At around 39+ weeks in your pregnancy, sometimes a healthcare provider will suggest pumping to induce labor. This is more common with vaginal birth after Cesarean, when providers are unable to or uncomfortable with a VBAC induction.
Pumping is one of the most common and known ways to induce labor naturally. But a couple of big questions people often ask are: Is it safe and does it work?
In this article, we want to talk all about breast pumping to induce labor. Read on to learn about its safety and effectiveness, and how to do it.
What is nipple stimulation to start labor?
Nipple stimulation is the process of massaging nipples by hand, mouth, or even electronically, causing the breast to release a natural hormone called Oxytocin. This hormone has the nickname of “the love hormone” and is released while breastfeeding. It’s also released during labor and helps the uterus contract and labor to progress.
Pitocin, a synthetic version of oxytocin, is often given in the hospital to help induce labor or speed things along. Some providers suggest pumping to try and start labor because there is a chance that with the hormone release, labor may begin naturally. This can be desirable so a mother can avoid a repeat C-section or medical induction.
The hardest part is knowing if nipple stimulation to induce labor will work or not. Because everyone is different and so many people are doing nipple stimulation at different times of their pregnancy, it may or may not work for you.
Studies are limited and outdated, but one of the most recent Cochran reviews was done in 2005 with a group of 719 women. 37.8% of those used nipple stimulation and went into labor within 3 days. Cesarean section was significantly less in the breast stimulation group as compared to the control group (8% versus 20.4%).
There is a more recent study in 2014 that involved 200 participants. In the end, it was determined that breast stimulation increased the chances of a vaginal birth and also helped ripen the cervix.
Is nipple stimulation safe during pregnancy?
Before starting any activity that may induce labor, check with your healthcare provider.
Because the available research studies are not large or recent, it is still hard to determine if nipple stimulation or pumping can be considered safe. The studies that have been done have had women who are considered “low risk” pregnancies.
When it comes to nipple stimulation during pregnancy, it is important to remember that it can release the natural hormone oxytocin which can cause uterine contractions. Nipple stimulation in ways other than actively pumping or stimulating to induce labor, ie: during intimacy, the chances of labor starting is lower, but still there.
If you are closer to your due date, there is a chance that your body may be more ready and nipple stimulation could start labor.
How to use a breast pump to induce labor
Every pump is different, but most of them are very similar and straight forward. There are three simple steps we would suggest if you are going to use a breast pump in labor.
NOTE: Be sure to discuss with your provider before inducing labor.
- Set up pump according to directions
- Pump for 15 minute (both breasts) at the suction level that feels comfortable
- Take a 5 minute rest and then repeat for up to one hour.
This can be repeated daily for 1-3 days.
If labor does not begin, there is a chance your body is not ready, or you may need to go longer. When discussing with your provider, be sure to ask what schedule they suggest for pumping. If your breasts or nipples are becoming sore or raw, stop and give your body a rest.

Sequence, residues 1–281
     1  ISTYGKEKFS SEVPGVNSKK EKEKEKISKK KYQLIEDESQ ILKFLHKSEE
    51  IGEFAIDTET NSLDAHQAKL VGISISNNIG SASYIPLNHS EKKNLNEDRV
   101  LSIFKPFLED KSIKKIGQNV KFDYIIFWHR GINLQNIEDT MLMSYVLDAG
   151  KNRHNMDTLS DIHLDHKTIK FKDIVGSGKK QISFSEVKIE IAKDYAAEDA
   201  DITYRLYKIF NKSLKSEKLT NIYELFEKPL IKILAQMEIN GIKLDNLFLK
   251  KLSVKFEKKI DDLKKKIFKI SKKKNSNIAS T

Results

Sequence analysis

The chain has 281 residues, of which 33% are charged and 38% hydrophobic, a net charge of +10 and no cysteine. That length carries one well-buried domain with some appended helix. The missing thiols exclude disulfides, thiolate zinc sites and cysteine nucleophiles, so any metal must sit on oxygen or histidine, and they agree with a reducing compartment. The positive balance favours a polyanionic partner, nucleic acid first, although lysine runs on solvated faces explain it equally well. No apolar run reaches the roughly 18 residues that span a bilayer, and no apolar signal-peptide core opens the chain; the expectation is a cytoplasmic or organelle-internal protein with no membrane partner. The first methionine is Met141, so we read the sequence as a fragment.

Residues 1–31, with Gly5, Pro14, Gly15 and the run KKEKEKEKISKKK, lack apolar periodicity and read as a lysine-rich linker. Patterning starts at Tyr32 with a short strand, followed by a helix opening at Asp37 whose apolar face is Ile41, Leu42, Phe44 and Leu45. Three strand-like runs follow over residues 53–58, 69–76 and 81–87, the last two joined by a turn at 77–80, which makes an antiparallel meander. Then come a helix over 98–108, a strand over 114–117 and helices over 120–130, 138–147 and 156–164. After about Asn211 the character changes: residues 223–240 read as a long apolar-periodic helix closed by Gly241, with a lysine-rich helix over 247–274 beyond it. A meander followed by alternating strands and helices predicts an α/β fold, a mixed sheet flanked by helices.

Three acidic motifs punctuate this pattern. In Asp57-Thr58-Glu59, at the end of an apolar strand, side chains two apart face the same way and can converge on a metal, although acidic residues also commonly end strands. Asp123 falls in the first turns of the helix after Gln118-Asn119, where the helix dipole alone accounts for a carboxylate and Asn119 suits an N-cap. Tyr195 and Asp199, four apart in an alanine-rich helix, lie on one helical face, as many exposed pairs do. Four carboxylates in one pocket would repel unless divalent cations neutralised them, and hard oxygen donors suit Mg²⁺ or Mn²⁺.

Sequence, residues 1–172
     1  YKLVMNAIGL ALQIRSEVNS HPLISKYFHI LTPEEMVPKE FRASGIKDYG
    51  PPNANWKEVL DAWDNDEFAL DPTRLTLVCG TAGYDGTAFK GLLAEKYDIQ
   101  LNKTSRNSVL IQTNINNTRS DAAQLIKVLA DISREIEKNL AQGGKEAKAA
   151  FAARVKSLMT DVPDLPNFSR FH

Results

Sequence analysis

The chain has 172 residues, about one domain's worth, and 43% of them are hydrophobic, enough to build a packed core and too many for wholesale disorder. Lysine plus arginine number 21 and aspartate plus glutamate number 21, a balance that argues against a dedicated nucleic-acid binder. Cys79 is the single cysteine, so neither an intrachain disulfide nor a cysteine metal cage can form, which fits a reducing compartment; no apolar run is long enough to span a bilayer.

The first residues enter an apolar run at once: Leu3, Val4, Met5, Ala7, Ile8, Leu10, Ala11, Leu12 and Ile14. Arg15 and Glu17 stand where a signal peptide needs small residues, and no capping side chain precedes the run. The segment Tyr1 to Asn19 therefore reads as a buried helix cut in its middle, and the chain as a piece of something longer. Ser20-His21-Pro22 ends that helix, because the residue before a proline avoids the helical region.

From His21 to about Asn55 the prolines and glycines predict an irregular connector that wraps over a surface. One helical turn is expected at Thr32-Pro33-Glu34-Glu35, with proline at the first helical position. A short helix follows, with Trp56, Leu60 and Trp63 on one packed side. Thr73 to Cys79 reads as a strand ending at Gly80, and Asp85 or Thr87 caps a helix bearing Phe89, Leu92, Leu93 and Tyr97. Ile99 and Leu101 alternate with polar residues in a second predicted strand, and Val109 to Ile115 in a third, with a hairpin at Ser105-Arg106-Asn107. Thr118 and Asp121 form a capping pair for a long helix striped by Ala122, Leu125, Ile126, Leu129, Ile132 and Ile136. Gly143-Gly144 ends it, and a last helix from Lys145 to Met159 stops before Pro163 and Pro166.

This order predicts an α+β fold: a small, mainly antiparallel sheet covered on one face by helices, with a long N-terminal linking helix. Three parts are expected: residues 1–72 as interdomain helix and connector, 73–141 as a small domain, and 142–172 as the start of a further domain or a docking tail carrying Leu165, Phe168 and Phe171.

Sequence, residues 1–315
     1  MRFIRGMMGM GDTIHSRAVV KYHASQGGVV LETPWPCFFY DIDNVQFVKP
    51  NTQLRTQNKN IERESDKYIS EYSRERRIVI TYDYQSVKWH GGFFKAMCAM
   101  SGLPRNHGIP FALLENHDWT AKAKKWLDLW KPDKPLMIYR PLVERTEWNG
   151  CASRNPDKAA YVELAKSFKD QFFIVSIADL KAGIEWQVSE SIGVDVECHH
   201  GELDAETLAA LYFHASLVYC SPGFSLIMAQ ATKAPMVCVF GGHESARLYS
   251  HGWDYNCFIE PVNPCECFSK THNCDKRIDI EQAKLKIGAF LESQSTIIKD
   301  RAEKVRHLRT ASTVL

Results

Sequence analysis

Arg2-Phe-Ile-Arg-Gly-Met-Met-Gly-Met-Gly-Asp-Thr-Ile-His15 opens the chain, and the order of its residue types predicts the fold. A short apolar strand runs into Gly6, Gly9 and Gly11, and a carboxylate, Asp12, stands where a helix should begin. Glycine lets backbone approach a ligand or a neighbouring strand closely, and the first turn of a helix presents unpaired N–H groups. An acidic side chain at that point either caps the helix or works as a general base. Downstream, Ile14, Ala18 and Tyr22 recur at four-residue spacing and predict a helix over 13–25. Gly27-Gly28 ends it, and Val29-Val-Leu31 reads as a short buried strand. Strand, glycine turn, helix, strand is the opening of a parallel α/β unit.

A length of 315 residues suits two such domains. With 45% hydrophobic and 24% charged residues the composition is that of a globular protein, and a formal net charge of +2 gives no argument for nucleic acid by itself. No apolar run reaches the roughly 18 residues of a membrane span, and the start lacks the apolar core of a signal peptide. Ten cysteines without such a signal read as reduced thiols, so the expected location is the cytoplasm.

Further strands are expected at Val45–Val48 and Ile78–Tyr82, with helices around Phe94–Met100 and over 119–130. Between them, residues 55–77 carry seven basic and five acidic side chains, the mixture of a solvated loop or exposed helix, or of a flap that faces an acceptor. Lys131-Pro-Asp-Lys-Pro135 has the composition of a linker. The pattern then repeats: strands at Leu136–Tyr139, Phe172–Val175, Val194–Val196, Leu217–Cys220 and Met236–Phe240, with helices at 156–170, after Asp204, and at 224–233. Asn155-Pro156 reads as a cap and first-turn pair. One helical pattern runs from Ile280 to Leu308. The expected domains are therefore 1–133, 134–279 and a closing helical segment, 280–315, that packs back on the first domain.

You can also alternate pumping with other methods or gentle movements, like using an exercise ball to induce labor.
When can you start pumping while pregnant?
Make sure to check with your provider on when they would suggest a good time to start pumping during pregnancy. Most providers will consider a baby full term around 37 weeks pregnant, however, your provider most likely would suggest this sometime around 39-42 weeks. A study called The ARRIVE Trial didn’t include VBAC, but suggests that induction in the 39th week can be beneficial.
According to the March Of Dimes, if your provider suggests induction, at least 39 weeks gestation is best. This is because your baby’s important organs like the brain, lungs, and liver are still developing. At the end of pregnancy, it can be hard to want to stay pregnant because it’s uncomfortable.
Using a birth ball can help ease discomfort, and remember how important those last days are for your sweet little one.
How long after nipple stimulation do you go into labor?
If your body is ready to go into labor, you could begin contractions that could send you into labor as you are doing nipple stimulation. If it does not happen at the time, you could potentially go into labor one to three days after.
How long should I pump to induce labor?
You should pump for about one hour, once a day for up to three days. There have not been many studies, but the ones that have been done show that it is possible to go into labor using nipple stimulation.
Is it bad to pump to induce labor?
Because there are not a lot of studies to support whether or not pumping to induce labor really works or not, it is also hard to know the true safety of pumping to induce labor. Be sure to check with your medical provider before introducing a pump to induce labor.
What is the quickest way to go into labor?
There is not a specific way that is considered “quick” when it comes to going into labor. You can try all of the natural ways to induce labor, and some may work. Then again, they all may not work for you. If your cervix and body are ready, the chances of going into labor are higher, however, there is a chance your provider may suggest inducing labor at the hospital if your baby or body are showing signs of needing to give birth sooner.